PP: There is the passage of time but there is also the weather, the latter with global warming, is it more important now in your daily life?
TED: Ah, that is the topic of the next album, which will be our sixth... The environment has always been a major concern of The Emerald Dawn. Hence the name of the band, which implies a new, more environmentally aware world. A green revolution, no less.
PP: Do you know Léo FERRE's song "Avec le temps", one of the most beautiful French songs in history?
TED: Unfortunately, none of us do, but we will check it out!
PP: Two questions for Tree:
The first one: you are a complete artist since you are a musician, painter, designer, sculptor, what art do you prefer? May be all?
Tree: Thank you for the compliment. I don't have a preference. I enjoy all the arts I take part in, but music is very important to me.
The second one: you have been using a Roli Seaboard for two records, what are its advantages and particularities?
Tree: It is a keyless 'keyboard', rather like a fretless bass. So, you can do things with it that you can't do on a regular keyboard. You can play with real vibrato, and you can slide between notes. You can also change the sound depending on where you touch the Seaboard. If you touch it near you and then slide your fingers further away, you can gradually change from one sound to another. That is how an orchestra transforms into a choir at the beginning of 'The Ascent' on our last album, 'To Touch the Sky'.
PP: It seems to me that this is the first time that you write all your first names (Katrina Jane, Alan Brian.......) on an album booklet, is there a particular reason for that?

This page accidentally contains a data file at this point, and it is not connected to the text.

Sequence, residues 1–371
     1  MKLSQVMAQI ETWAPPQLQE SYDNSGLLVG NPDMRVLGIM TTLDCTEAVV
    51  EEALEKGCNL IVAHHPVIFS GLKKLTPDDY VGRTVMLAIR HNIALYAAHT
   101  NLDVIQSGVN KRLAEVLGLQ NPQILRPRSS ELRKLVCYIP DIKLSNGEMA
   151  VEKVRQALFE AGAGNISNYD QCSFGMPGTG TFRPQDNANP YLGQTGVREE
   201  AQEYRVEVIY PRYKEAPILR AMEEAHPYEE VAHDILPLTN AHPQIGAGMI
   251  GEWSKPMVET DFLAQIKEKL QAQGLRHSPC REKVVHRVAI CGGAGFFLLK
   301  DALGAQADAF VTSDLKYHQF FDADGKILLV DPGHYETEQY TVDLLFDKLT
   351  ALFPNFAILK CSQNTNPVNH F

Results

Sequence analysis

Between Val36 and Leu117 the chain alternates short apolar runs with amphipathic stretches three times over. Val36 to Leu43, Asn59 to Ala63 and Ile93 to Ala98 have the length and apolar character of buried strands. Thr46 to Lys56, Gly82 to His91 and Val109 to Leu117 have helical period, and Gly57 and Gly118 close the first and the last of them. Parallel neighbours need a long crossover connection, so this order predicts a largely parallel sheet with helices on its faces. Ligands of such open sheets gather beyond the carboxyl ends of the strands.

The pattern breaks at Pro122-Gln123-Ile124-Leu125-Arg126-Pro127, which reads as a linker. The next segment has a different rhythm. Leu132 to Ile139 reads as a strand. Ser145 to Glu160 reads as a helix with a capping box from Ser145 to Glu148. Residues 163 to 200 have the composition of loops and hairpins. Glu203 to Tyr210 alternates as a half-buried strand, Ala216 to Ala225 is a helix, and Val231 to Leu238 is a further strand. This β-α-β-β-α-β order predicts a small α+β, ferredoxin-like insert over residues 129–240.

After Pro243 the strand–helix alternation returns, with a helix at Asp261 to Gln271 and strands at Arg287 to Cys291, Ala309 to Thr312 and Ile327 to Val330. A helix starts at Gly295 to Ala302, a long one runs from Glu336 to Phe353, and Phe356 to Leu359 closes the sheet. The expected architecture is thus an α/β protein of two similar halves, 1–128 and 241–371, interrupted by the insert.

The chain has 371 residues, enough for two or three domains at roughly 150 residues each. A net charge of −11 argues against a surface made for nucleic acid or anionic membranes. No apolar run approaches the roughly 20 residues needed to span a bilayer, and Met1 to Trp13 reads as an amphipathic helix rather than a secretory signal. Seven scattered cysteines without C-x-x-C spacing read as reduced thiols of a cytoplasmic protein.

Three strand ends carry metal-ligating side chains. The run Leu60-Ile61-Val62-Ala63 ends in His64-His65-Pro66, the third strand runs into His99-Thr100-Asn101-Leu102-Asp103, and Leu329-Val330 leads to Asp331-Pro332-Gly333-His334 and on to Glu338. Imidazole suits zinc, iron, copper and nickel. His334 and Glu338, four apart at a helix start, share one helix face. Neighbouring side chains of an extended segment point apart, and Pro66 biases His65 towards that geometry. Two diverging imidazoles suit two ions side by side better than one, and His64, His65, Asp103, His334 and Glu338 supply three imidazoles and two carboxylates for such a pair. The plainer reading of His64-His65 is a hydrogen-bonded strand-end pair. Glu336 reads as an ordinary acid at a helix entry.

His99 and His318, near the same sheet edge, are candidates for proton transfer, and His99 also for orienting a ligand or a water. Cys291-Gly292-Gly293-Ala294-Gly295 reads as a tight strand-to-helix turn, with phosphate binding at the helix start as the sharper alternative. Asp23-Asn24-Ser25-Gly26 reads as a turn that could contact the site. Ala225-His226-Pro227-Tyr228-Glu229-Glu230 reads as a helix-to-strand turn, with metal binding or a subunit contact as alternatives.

TED: For legal reasons we have always used our full names somewhere on the album for copyright purposes. But sometimes it is fairly hidden in the small print.
PP: Geographically do you feel better in Cornwall than in Edinburgh? Is life there different, quieter?
TED: Only half of the band lived in Edinburgh, but it is certainly true to say that where we live in Cornwall is much quieter, far more conducive to composing and rehearsing, but a bit more out of the way for performing live in front of an audience.
PP: Humanly and economically has Brexit put you in difficulty?
TED: (Lots of expletives around the table regarding Brexit!) Every member of the band voted to remain in the EU, and Brexit has been a disaster for most British musicians. It has made it no longer viable for us to perform in Europe, and CD sales to Europe have fallen through the floor because of that disastrous vote.
PP: Are you part of the bands that can make a living from their music?